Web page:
Although Nakarawa is a versatile driving force at the lineout, and as a scrummager, like the rest of the Fijian squad the 6ft 6’, 17 stone Second Rower is most comfortable with ball in hand, sing his giant physique to burst through gaps in opposing defensive lines and his unorthodox, incredibly loose style of ball-carrying allows him the maximum amount of opportunities to off-load the ball in the tackle.

Fiji’s impressive unbeaten record at this year’s Pacific Nations Cup has allowed them to come into the 2015 World Cup riding a wave of momentum that will make them a very difficult and awkward opponent for the likes of Wales, England and Australia to face. And as a core component of the current Fiji side, Nakarawa’s unique blend of skills in the heart of the Fijian scrum will mean he’ll take centre stage in any upset victories the Fijians cause.

Jeff Hassler – Canada & Ospreys

One of the few bright spots for a fairly disappointing Pacific Nations Cup for Canada was the continued rise to stardom of winger Jeff Hassler.  Only 23, Hassler has been a regular fixture on the Canadian wing since 2012 although the World Cup will represent the first major tournament he has appeared in.

Although he failed to score this summer for Canada on home soil, Hassler won plaudits for the tenacious defence and strong work ethic he exuded in a losing effort for his and his teamamtes that saw them beaten in all four matches they contested.

Not only is Hassler lightning quick both on the touchline as a wing and in midfield as a centre as well, but the Okotoks, Alberta native also has an uncanny ability to break tackles that typically wouldn’t be associated with his 5ft 10’ frame.  A surprisingly ferocious tackler to boot, Hassler is the embodiment of being as ‘tough as nails’ and has made a seamless transition from competing in Sevens competitions to the fifteen-man game.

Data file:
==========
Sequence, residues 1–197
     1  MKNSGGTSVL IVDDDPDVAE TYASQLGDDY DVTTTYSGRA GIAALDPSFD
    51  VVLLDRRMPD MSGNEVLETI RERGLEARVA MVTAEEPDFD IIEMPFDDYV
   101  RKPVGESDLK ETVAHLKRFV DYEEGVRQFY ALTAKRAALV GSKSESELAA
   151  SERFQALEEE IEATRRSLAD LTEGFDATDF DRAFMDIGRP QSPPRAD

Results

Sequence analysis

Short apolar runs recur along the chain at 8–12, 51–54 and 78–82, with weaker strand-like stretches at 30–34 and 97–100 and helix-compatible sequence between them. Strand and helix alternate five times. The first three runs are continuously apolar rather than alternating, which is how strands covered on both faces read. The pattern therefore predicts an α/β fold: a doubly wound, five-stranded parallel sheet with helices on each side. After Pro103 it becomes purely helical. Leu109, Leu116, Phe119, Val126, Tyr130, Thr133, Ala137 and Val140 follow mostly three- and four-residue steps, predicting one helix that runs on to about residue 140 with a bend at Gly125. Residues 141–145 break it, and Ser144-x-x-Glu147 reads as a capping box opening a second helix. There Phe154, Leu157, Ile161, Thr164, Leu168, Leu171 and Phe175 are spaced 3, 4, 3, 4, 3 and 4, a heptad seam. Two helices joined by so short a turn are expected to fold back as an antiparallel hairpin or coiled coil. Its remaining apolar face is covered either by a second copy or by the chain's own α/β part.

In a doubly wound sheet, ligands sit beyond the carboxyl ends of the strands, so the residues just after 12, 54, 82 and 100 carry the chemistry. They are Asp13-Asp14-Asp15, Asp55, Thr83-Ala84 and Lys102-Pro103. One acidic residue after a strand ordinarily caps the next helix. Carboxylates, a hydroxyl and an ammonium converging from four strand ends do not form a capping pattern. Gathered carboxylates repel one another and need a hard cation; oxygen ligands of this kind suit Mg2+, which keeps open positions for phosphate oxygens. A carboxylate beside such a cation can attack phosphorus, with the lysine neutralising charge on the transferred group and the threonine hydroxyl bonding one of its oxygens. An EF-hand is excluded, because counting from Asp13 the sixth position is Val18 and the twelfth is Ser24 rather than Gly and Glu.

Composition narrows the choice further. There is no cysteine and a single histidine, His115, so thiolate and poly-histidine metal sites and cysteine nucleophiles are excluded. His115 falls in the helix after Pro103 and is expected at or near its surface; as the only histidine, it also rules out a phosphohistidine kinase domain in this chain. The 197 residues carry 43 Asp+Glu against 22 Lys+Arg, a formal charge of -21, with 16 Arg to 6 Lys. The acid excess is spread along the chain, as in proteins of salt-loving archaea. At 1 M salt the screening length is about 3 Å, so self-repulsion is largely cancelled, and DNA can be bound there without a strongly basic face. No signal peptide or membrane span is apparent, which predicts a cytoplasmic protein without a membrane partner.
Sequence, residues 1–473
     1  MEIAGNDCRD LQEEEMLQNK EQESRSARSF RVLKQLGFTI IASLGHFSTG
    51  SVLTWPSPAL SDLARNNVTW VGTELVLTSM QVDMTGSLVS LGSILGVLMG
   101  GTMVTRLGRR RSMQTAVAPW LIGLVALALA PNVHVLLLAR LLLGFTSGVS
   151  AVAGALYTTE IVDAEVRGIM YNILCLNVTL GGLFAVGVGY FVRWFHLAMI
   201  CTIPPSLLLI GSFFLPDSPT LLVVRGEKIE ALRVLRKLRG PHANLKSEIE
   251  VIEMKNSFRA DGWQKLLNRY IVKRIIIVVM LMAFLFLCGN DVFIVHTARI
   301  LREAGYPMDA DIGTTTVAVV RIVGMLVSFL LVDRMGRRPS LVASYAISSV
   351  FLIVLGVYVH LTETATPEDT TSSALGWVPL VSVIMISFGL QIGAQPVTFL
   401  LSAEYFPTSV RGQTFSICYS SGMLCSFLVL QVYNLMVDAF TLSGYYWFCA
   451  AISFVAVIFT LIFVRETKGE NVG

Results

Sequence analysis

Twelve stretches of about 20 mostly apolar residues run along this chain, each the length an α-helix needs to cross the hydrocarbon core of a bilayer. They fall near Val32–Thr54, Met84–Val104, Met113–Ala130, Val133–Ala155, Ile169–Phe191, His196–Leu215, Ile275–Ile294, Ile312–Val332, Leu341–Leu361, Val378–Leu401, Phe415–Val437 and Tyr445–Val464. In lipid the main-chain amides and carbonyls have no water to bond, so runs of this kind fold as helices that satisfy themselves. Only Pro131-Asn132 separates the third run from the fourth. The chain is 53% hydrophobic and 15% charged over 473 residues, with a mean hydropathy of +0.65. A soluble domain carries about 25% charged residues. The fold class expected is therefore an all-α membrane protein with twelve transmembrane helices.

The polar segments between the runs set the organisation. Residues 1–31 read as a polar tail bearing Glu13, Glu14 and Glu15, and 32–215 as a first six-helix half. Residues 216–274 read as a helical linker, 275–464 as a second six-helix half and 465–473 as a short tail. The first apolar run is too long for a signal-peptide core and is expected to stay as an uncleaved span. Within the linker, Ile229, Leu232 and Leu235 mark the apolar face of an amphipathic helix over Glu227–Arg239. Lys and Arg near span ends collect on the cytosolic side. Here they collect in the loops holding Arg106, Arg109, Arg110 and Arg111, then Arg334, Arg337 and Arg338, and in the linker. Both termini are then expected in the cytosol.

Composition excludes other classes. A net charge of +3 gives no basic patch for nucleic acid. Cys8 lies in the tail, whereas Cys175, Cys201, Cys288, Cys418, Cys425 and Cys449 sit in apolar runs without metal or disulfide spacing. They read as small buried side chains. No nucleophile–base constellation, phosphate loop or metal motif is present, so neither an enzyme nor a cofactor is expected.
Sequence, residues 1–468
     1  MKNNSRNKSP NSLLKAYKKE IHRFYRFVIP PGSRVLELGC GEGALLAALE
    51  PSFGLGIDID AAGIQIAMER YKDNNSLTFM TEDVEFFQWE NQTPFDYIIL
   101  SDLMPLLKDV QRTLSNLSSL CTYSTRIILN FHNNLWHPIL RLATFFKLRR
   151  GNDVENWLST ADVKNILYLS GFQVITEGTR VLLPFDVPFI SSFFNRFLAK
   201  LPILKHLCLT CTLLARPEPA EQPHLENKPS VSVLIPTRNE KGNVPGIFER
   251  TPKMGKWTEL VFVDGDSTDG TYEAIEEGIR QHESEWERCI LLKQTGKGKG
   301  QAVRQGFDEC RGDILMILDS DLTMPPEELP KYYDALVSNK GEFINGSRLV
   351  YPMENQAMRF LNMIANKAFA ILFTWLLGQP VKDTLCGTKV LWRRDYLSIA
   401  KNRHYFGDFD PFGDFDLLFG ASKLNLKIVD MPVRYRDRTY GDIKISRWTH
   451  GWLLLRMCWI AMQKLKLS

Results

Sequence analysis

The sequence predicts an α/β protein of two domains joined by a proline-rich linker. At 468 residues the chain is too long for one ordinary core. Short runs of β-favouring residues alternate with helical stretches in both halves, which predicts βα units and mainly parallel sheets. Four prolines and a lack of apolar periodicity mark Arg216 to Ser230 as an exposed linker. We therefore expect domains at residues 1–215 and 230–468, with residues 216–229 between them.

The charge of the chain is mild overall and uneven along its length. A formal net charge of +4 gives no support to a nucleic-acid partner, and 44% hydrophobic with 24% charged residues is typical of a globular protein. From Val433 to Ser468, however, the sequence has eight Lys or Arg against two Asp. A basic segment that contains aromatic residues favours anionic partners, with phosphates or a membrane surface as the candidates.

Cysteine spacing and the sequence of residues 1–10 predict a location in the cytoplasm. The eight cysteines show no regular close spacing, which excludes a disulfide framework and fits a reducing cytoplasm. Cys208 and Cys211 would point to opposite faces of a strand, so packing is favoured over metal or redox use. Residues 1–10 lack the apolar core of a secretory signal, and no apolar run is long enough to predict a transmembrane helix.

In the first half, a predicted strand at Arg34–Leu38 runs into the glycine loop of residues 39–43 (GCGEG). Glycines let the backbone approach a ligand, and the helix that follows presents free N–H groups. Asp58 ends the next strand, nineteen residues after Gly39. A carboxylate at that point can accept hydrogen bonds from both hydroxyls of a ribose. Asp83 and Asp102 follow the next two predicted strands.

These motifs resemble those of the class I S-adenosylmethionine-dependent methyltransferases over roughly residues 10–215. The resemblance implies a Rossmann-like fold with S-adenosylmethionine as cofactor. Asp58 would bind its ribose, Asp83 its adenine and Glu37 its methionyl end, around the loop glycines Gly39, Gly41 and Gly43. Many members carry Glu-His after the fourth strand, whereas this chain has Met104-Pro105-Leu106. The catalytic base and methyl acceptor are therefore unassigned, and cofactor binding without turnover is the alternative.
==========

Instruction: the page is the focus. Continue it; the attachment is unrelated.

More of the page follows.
A fan favourite at Ospreys in the Pro12, he made the RaboDirect Dream Team in his first season at the club and despite missing a significant chunk of last (2014/15) season, Hassler still managed to record 6 tries in 11 appearances for the Welsh club this year. Such try-scoring form will be sorely needed by Canada if they hope to make any noise at this year’s World Cup and avoid another last-place finish.  

Sonatane Takulua – Tonga & Newcastle Falcons

A mid-season acquisition earlier this year for the Aviva Premiership’s Newcastle Falcons having impressed for Northland in the ITM Cup, Sonatane Takulua will have North-Eastern rugby fans eagerly anticipating Tongan games at this year’s World Cup in order to catch a glimpse of the elusive No.9 who sparkled at this year’s Pacific Nations Cup.

Takulua finished tied with the previously mentioned Leone Nakarawa and Fetu’u Vainikolo as top-try scorer in this year’s tournament with four, including a brace of tries in a man-of-the-match performance against Canada.

As you’d come to expect from a scrum-half, Takulua is at his peak at the base of a ruck or scrum. Takulua’s excellent decision-making is his best asset, allowing the 23 year-old to consistently identify the most opportune time to get away a pass or make a break with ball-in-hand and then act upon it. It is this astute attacking awareness that makes him such a deadly attacker around the fringes and such a tough player to stop from sneaking across over the line from short-range as was on display in this year’s PNC where Takulua played a starring role in Tonga’s 31-20 victory over Japan to secure a third-place finish.Takulua is also an excellent support runner, able to glean even more attacking opportunities from being able to break away onto the shoulder of a team-mate in a flash.

Whether he gets the starting nod over the more experienced Taniela Moa at scrum-half in Pool C this autumn is Head coach’s Mana Otai’s decision alone, but Takulua will have done his chances no harm with an outstanding tournament over the summer in Canada, and his opportunistic playing style may actually benefit more from being let loose upon tired defenders off the bench for Ikale Tahi.


2015 Rugby World Cup - Points Table